Let me begin by saying this; If you are a fan of linear, descriptive story telling where things are explained and a solution is found at the end, Journey is not for you and as much as I will try and convince you to, I would recommend against it.
For the rest of you, let’s start from the basics. Journey is a game developed by the minds behind Flow and Flower at thatgamecompany, an appropriate name considering they are well known for games with deeper meanings that get mixed reactions from the gaming community.
Journey begins with you as a little creature wearing a big robe, walking in the sand towards a mountain with a beam of light coming out of it. The ‘point’ of the game, is, as such to get to the mountain by overcoming obstacles, solving puzzles and using your powers of floating and a cry that can cause a small or big change to the environment depending on the size.
You’re walking about in a very beautiful world that is laden with subtle details to build the atmosphere. The sand parts to the side as you move through it, the wind blows causing objects to be moved around and the lighting gives chambers you enter an eerie effect when the sunlight shines through them. It comes together to make an experience surprisingly moody for something that is dialogue free that also becomes surprisingly deep and meaningful as the game progresses.
Despite these factors, there are still rooted game-like elements. You gain a long scarf that is treated as your power meter for the floating and your life bar as it cuts away from the damage you take. There are powerups to boost your life scarf, thus your power meter too and you can use various things in the environment. As the game goes on, though, it’s less about that and more about travelling and survival in the harsh landscape and finding out bits and pieces on what happened to your fellow creatures leading up to Journey.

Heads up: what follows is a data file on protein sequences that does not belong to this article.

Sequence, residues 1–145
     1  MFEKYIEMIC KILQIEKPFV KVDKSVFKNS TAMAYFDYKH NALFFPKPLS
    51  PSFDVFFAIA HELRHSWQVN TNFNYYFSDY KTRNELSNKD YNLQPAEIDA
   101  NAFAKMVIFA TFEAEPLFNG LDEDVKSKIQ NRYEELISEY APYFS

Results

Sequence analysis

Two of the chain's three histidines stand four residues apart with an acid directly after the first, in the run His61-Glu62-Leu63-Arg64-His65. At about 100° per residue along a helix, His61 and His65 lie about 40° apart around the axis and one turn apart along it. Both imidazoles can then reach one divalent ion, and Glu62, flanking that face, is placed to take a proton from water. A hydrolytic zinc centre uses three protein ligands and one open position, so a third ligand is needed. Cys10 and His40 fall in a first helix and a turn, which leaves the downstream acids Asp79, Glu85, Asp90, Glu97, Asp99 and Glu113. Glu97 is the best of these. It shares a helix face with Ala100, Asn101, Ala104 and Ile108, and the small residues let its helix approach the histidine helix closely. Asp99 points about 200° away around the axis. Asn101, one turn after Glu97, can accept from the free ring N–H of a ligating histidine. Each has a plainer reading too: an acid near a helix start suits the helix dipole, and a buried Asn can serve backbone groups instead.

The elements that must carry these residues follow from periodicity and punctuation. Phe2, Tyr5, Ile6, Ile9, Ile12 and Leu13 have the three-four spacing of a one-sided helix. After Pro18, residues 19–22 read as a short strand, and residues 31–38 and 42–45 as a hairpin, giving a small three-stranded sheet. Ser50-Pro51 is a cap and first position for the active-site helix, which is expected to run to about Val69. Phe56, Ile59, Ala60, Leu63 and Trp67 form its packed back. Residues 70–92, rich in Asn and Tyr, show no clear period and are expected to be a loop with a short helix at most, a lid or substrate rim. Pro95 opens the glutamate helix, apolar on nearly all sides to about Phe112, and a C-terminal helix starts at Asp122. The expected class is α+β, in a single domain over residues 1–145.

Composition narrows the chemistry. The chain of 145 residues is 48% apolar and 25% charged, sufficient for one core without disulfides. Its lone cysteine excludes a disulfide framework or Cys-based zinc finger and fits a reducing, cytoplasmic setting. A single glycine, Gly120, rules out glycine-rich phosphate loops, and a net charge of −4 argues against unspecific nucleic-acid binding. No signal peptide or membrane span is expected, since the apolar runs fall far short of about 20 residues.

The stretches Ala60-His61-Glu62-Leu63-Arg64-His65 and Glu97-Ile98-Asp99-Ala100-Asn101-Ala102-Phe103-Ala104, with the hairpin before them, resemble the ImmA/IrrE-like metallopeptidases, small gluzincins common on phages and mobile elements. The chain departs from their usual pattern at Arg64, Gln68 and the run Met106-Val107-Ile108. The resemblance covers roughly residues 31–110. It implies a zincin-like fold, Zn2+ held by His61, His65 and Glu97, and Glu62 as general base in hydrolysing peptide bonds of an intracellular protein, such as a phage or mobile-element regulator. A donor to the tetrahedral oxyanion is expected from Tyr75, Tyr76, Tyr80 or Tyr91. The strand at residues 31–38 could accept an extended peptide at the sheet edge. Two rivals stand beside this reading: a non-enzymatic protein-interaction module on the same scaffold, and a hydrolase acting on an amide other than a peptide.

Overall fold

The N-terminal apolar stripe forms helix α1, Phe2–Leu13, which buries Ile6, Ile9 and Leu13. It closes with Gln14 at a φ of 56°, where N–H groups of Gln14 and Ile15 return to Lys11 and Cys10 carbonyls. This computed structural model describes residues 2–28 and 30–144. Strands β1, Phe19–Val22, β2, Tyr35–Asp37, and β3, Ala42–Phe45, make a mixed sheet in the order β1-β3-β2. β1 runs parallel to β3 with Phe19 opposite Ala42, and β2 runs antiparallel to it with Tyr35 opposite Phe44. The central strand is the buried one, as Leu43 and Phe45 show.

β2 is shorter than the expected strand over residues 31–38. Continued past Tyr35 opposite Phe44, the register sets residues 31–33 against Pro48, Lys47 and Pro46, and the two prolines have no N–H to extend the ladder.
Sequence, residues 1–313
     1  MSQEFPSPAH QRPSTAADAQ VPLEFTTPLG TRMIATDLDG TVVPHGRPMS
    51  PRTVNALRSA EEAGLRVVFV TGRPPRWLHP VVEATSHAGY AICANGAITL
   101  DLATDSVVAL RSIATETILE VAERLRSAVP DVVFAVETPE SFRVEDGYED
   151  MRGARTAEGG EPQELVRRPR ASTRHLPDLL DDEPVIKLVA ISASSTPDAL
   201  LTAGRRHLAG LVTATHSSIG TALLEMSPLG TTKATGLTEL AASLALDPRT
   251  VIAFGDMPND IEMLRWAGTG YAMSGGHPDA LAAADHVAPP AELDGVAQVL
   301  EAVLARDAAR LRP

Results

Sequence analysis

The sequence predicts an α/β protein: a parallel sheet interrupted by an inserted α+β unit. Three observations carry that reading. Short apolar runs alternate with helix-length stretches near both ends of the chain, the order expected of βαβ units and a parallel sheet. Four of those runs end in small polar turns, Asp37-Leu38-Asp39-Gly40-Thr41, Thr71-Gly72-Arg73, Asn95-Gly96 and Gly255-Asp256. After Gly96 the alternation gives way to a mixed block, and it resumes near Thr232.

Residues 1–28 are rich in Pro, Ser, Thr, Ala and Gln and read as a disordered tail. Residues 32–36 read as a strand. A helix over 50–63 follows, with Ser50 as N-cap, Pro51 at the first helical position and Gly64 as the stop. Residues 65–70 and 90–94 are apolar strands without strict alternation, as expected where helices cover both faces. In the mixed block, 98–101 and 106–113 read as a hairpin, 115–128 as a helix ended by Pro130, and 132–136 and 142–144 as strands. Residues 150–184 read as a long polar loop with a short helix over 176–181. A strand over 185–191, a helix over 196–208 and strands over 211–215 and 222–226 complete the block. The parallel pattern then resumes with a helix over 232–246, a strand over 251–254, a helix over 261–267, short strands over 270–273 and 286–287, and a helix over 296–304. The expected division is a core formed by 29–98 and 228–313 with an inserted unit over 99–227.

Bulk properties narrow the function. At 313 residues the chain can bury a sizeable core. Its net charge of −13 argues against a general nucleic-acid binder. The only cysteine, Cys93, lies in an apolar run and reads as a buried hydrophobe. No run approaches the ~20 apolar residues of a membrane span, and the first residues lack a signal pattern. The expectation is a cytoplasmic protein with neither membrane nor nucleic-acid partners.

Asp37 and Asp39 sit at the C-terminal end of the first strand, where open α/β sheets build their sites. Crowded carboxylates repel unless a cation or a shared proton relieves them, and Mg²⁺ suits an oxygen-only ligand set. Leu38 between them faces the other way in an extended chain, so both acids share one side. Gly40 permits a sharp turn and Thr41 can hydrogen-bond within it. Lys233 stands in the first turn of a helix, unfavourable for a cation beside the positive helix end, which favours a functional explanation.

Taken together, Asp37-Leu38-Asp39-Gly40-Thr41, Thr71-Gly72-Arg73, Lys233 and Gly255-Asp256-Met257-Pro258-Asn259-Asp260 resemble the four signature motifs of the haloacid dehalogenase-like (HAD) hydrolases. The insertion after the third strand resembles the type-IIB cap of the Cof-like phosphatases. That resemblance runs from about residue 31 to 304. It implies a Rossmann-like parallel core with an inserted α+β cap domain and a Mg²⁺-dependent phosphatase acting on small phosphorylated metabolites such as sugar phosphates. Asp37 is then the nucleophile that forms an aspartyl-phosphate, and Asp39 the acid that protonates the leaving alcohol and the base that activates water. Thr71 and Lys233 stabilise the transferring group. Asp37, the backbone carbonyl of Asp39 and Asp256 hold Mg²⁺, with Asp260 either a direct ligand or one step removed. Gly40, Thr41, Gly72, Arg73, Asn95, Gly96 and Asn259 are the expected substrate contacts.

What really blew me away about Journey, and its strongest feature by far, is the online play. I had no idea what it meant when I was signing onto the terms and conditions, stat monitering I persumed, but as it turns out, another human controlled creature comes into your game depending on where you and they are at the time, helping you with puzzles and able to grow back your lost power if you stand close enough to one another.That doesn’t sound different from other games, sure, but it’s the way it is done that makes it so engaging. You don’t have any small boxes asking you if they want to come into your game or any qualifications about what that means, they just come into your game and cooperate with you. At the end, it even tells you all the people you met up with during the game which, in my first playthrough, was eight. Eight people had joined me and it really solidified the emotional investment I already had.
That emotional investment was a big factor, especially considering what the game does not give you to know and relate to the situation. “It is hard to explain and go into what happened to me during it and what I saw but there was something joyful and satisfying to it so it really felt like I was accomplishing something important when I finally reached the climax. Part of it has to do with the soundtrack and another part of it is the small, subtle acts of world building and how much you have followed this character to get to where he needs to go.
As was mentioned at the start of the review, this is not for people who expect linear storytelling and everything explained to them. This is very much a person by person experience on what they get out of it. For me, what I got out of it was an experience that enriched me, made me think about how life has been and the experiences I’ve had. I met people along the way who have lasted some time in my journey and some who have not and those who made the biggest impact will be the ones that helped the most. Call that view cheesy but that’s what it did personally. Every person who buys this so things like ‘Is it worth the amount of money I spent on it?’ depends from person to person. What I will say is that you should go into it with an open mind, try to get something more out of it then standard game critiques. Not to say it is above that, but it tries things differently enough to not be placed in a box with others.
Journey is something to be experienced at least once. Its beautiful surroundings, its great soundtrack and unfolding story is a joy to behold and has a surprising amount of emotional investment for the amount of things it actually tells you. Whether it’ll hold up as a great game by the end of 2012 is a discussion that won’t happen for a while but what can be said right now is that Journey is something very special and something that’ll stick with you until then.
Journey is out this week on Playstation Network for $14.99/1200 Yen/UK Price & EU Price to be confirmed